- It is implemented as an iteration over a data structure representing a sequence of line segments. This ties the algorithm to a fixed data structure, which leads to code duplication
- It handles simple rings, but not fully general polygons (which may contain holes and/or multiple shells)
- It does not detect the case where the query point lies on one of the segments in the polygon
- It runs in O(n) time. This is reasonable for a single query point, but is not the most efficient way to perform many point queries against a single fixed polygon
- It uses conventional floating-point arithmetic. This makes it non-robust (i.e. potentially incorrect for some inputs)

Most recently, I've revisited P-I-P in the course of some work on improving the performance of spatial predicates. And I think I've finally arrived at the ultimate Point-In-Polygon implementation. It removes all of the above limitations with the following design features:

- It uses an incremental design, which frees the algorithm from being tied to any particular segment data structure
- It handles all polygonal geometry types defined in JTS. (Implementing this was made much cleaner by the pleasant realization that the PIP algorithm really doesn't care where in a polygonal geometry the segments come from. The only thing that matters is the parity of the segment crossings. This holds true for any number of holes and shells.)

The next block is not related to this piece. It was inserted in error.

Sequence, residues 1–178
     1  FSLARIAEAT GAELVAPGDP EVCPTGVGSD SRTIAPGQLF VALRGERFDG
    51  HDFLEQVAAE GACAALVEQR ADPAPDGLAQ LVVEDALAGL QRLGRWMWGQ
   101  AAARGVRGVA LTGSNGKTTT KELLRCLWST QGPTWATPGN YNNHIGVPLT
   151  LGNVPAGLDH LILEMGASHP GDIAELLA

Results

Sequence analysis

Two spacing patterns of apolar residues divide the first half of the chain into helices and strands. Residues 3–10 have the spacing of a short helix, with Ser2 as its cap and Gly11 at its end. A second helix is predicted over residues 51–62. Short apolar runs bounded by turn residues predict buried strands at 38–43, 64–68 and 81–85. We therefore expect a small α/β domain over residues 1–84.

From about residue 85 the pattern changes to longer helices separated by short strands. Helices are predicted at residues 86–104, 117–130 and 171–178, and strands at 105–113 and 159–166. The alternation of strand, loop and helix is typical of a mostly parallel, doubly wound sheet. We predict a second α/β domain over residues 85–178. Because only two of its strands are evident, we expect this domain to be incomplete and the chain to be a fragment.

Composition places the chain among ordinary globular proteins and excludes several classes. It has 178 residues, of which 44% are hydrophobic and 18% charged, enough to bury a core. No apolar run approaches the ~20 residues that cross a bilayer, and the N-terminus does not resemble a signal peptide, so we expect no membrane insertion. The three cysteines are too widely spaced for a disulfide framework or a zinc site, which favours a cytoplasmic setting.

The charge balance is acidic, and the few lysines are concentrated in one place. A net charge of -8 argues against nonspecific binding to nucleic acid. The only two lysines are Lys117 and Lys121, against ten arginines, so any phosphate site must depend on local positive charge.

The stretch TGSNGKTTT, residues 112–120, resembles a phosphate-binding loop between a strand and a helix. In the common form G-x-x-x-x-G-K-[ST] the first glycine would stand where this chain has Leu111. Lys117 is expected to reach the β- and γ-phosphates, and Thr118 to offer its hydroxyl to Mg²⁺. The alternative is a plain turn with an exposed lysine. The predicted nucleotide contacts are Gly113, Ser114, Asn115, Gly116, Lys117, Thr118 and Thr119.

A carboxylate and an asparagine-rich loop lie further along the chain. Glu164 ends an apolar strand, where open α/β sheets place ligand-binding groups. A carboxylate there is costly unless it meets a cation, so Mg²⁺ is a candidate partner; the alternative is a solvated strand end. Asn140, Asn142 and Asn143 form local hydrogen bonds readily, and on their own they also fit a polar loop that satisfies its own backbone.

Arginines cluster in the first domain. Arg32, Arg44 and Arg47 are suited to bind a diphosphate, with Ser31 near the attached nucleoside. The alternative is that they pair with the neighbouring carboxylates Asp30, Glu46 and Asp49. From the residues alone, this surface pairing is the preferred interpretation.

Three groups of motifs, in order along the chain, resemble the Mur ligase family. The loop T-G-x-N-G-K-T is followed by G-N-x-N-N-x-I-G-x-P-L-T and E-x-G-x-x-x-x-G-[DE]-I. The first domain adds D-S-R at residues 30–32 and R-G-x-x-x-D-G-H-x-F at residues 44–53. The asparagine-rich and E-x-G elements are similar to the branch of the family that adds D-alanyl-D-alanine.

- It detcts the point-on-segment case, and reports it via a trivalent return value (in the set {INTERIOR, BOUNDARY, EXTERIOR}).
- It is straightforward to use with a spatial index on the segments of the polygon (such as STRtree or BinTree), thus providing O(log n) performance
- Thanks to the RobustDeterminant class in JTS, the implementation is much more robust. (Due to some remaining floating-point arithmetic it may still not be 100% robust - but I hope to address that sometime as well.)

Coming soon to a JTS version near you...

## 1 comment:

Hi Martin, I think I will come more often back to this blog, you should have told at the conference :)

I already used some of your tricks from the foss4g presentation. Now I can't wait to try the 1.9 whenever it comes.

Great job man!

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